Coalgebra for the working programming languages researcher
Coalgebra is a young research field that grew out of the Theory B community in the late 90’s. It started out as a mathematical framework to study different types of state-based systems in a uniform way. A lot of the early results on Coalgebra had roots in Category Theory and were purely theoretical in nature.
As the field grew, more application areas became evident. For instance, the study of different families of automata and equivalence procedures, or the foundations of (typed) languages that included fixpoint operators. Slowly (but steadily!), coalgebraic techniques found a place in the programming language and verification communities. Interestingly, and perhaps of greater importance for the coalgebra community, the challenges provided by PL work generated different research directions for coalgebra.
In this talk, I will present a primer on coalgebraic techniques, and revisit some work in programming languages in which these played a key role. I will argue that the use of category theory, coalgebra, and other traditional theory techniques are not only useful to provide foundational insights in the design of programming languages and semantics, but can also play a key role in the development of efficient algorithms. I will conclude with a few research directions in which this interplay of programming languages and theory research might provide new challenges, and hopefully novel solutions, for both communities.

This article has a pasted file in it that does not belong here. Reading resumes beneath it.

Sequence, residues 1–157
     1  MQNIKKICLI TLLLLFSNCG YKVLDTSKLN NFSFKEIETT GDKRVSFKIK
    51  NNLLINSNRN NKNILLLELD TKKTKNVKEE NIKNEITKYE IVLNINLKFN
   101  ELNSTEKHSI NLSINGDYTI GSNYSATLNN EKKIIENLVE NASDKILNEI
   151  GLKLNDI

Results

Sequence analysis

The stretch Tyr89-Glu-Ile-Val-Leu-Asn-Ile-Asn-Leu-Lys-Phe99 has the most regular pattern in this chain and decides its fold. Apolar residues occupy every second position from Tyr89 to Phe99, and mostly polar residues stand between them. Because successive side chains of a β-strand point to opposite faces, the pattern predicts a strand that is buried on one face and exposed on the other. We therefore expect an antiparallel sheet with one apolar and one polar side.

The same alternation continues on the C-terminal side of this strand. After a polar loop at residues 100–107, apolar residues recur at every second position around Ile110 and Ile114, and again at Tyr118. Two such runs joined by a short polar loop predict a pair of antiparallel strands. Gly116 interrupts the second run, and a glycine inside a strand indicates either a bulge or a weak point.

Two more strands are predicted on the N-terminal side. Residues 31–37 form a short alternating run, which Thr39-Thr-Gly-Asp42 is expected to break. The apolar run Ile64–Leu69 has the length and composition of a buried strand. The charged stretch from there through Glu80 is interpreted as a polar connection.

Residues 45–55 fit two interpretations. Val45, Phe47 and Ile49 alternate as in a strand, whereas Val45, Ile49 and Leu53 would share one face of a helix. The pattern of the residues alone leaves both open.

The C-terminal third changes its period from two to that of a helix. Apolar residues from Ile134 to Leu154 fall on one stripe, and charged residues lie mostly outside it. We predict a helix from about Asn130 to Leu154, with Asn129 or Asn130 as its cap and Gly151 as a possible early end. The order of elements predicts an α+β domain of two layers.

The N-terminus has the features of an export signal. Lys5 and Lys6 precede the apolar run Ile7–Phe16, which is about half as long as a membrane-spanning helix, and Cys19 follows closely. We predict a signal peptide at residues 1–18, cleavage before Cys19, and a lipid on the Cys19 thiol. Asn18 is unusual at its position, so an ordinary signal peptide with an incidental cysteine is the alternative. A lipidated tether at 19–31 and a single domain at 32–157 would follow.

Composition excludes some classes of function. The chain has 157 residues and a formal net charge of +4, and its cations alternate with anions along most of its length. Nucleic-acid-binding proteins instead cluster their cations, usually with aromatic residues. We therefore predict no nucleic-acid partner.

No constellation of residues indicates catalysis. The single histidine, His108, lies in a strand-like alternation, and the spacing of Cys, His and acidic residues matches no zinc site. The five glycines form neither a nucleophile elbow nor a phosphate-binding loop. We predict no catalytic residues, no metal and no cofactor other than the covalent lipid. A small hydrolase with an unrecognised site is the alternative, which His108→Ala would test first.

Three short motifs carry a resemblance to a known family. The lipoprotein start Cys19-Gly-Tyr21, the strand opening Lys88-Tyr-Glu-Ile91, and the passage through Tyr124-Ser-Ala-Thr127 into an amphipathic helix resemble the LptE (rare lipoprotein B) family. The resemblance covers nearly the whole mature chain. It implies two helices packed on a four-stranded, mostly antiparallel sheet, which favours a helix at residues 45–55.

Alexandra Silva is a theoretical computer scientist whose main research focuses on semantics of programming languages and modular development of algorithms for computational models. A lot of her work uses the unifying perspective offered by coalgebra, a mathematical framework established in the last decades. Alexandra is currently a Professor at Cornell University, and she was previously a Professor of Algebra, Semantics, and Computation at University College London. Previously, she was an assistant professor in Nijmegen and a post-doc at Cornell University, with Prof. Dexter Kozen, and a PhD student at the Dutch national research center for Mathematics and Computer Science (CWI), under the supervision of Prof. Jan Rutten and Dr. Marcello Bonsangue. She was the recipient of an ERC Consolidator in 2020, the Royal Society Wolfson Award 2019, Needham Award 2018, the Presburger Award 2017, the Leverhulme prize 2016, and an ERC starting Grant in 2015.